Maryland Governor Larry Hogan has said he wants to increase the state-funded private school scholarship — or voucher — program known as BOOST from $5 million per year to $10 million over the next three years. Yet data show that the program, which was billed as a way to broaden education options for low-income children, is little more than a subsidy for private schools. Roughly 78 percent of the students who benefited from it last fall — more than 1,900 kids — were already attending private schools when they received the taxpayer funding.
This raises serious questions:
Is Mr. Hogan not aware that Maryland voters twice, in 1972 and 1974, defeated such proposals in referendum elections? Both times voters collected more than enough signatures on petitions to force referendums on legislation that the General Assembly had passed to divert public funds to private schools.
Is Mr. Hogan not aware that tens of millions of voters from Massachusetts to California and from Florida to Alaska and Hawaii between 1966 and 2014 rejected vouchers, tax credits and similar devices by an average margin of two to one? Or that in 2015 the respected Gallup education poll registered opposition at 57 percent to 31 percent?
Is Mr. Hogan not aware that the overwhelming majority of private schools are essentially religious institutions — Catholic, evangelical, Jewish, Muslim, etc. — and that their enrollments tend to reflect their sectarian orientation? That diverting public funds to private schools tends to divide the student population along religious, ideological, ethnic, socioeconomic and other lines?
Is Mr. Hogan not familiar with our constitutional heritage, going back to Jefferson and Madison, of not using public funds to aid religious institutions? Or James Madison's famous 1785 Memorial and Remonstrance Against Religious Assessments spelling out why government should not divert public funds to religious institutions? Or Benjamin Franklin's statement: "When a religion is good, I conceive it will support itself; and when it does not support itself, and God does not take care to support it so that its adherents are obliged to call for help of the government, it is a sign, I apprehend, of its being a bad one"?
If Maryland legislative leaders recommend that Mr. Hogan cut the budget by $189 million, how can he propose to increase tax aid to private schools?
Maryland's public schools rank among the best in the country, but they could use additional funding. And President-elect Donald Trump has indicated that he wants the federal government to spend $20 billion into expanding tax support for private and charter schools, and has named for secretary of education billionaire Betsy DeVos, who never attended public schools or sent her own kids to them but who has poured millions of dollars into efforts to divert public funds to private schools. In 2000, voters in her own state of Michigan defeated such a voucher plan by 69 percent to 31 percent, just as they did in 1978 by 74 percent to 26 percent.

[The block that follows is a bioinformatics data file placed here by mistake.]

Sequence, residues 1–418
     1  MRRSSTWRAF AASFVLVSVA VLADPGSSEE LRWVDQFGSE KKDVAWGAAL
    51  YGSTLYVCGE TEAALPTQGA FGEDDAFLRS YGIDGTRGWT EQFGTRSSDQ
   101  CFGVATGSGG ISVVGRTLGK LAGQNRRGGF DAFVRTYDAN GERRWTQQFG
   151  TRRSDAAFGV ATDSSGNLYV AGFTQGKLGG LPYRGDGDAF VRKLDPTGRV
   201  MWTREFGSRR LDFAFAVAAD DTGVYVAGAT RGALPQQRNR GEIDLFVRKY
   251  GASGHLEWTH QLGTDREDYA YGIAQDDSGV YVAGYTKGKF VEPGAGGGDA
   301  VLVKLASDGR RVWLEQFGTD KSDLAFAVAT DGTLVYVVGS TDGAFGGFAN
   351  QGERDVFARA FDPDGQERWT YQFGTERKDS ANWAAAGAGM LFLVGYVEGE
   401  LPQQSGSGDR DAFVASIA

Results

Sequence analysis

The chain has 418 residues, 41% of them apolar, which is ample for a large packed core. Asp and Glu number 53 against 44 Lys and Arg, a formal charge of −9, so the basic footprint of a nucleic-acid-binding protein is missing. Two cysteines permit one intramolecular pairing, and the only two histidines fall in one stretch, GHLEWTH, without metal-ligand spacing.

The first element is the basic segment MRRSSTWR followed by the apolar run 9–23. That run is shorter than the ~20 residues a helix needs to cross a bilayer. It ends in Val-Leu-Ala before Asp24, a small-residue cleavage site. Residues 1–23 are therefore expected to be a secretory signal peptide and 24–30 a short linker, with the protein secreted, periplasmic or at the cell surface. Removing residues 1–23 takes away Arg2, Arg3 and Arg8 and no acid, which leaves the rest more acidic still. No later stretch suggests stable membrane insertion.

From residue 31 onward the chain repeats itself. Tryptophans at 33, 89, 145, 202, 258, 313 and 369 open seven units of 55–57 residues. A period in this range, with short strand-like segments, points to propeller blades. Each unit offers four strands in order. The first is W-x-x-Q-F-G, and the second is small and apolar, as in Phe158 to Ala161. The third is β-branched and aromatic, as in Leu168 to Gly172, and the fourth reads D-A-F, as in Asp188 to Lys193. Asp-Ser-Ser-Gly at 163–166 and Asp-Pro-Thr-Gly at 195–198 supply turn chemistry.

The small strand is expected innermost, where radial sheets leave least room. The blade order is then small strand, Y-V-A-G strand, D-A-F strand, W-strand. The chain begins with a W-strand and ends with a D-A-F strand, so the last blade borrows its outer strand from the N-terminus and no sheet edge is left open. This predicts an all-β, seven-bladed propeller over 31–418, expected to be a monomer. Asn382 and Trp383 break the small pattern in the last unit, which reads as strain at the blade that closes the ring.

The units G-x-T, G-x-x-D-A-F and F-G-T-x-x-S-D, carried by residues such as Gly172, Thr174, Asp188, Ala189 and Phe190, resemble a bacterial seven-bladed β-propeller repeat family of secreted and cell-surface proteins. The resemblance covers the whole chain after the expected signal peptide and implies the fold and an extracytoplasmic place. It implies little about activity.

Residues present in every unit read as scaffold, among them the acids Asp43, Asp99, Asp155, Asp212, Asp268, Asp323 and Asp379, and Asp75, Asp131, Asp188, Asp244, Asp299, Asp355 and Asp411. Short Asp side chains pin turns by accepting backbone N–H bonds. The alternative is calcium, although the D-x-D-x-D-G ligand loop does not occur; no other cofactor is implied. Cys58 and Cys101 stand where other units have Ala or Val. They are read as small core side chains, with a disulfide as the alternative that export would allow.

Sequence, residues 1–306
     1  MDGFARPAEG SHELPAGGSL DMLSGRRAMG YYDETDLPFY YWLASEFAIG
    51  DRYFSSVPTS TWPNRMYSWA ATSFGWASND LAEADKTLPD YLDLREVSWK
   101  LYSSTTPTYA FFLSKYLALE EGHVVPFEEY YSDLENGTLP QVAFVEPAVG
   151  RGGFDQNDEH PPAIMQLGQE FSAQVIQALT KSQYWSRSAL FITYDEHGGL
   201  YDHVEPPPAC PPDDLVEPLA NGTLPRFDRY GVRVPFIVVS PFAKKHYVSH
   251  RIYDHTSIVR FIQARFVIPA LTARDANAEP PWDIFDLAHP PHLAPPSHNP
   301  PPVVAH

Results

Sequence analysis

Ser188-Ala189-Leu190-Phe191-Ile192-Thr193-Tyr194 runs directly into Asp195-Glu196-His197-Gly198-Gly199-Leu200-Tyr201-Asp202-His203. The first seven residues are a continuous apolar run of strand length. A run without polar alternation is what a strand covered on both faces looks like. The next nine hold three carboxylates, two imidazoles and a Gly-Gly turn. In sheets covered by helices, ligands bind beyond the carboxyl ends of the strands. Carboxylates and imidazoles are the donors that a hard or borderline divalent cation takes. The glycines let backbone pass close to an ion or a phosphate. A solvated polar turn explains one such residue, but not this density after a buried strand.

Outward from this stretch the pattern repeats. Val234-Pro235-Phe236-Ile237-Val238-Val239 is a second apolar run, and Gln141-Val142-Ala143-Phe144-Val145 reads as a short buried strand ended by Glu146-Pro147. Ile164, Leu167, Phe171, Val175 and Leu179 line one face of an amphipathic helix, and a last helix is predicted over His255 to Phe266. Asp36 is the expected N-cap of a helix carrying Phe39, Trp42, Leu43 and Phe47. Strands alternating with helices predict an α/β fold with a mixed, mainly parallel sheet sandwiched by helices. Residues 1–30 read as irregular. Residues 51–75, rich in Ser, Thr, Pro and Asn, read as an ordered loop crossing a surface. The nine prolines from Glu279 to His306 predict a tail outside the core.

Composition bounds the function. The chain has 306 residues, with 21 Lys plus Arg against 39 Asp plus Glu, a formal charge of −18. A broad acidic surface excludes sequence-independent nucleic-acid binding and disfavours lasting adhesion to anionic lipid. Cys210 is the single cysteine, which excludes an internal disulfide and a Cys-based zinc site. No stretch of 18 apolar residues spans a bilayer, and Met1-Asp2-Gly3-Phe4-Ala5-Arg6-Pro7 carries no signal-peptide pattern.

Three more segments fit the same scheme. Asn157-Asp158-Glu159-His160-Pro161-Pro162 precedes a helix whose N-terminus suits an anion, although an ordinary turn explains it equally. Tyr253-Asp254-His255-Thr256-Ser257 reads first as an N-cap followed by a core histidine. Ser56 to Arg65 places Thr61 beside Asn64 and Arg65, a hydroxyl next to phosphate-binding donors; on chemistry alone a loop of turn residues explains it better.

Is Mr. Hogan not aware of the Government Accountability Office (GAO) study of school voucher programs, released on Sept. 12? GAO researchers examined voucher and tax credit programs nationwide but concentrated on the major ones in Arizona, Indiana, Ohio and Wisconsin. They found serious flaws in these programs. As Wisconsin Rep. Mark Pocan, a Democrat, noted in The Huffington Post, the GAO found that such programs "have weaker standards for teacher preparedness than public schools"; "cherry-pick student applicants ... often discriminating against some students based on their religion or disability-related behaviors" and "fail to serve students when deficiencies in taxpayer-subsidized private schools lead to students with disabilities departing the school because they required more services than the schools could provide."
For 40 years, about 70 percent of the respondents in the annual Gallup education polls have given an A or B grade to the public school attended by their oldest child. With more adequate and more equitably distributed funding and other internal reforms, all of the public schools serving 90 percent of America's children could get an A or B grade. Governor Hogan and the Maryland legislature should think long and hard about the drive to divert public funds to private schools.
Edd Doer (firstname.lastname@example.org), a former public school teacher, is president of Americans for Religious Liberty; he was a leader in the 1970s referendum campaigns to block tax aid to private schools.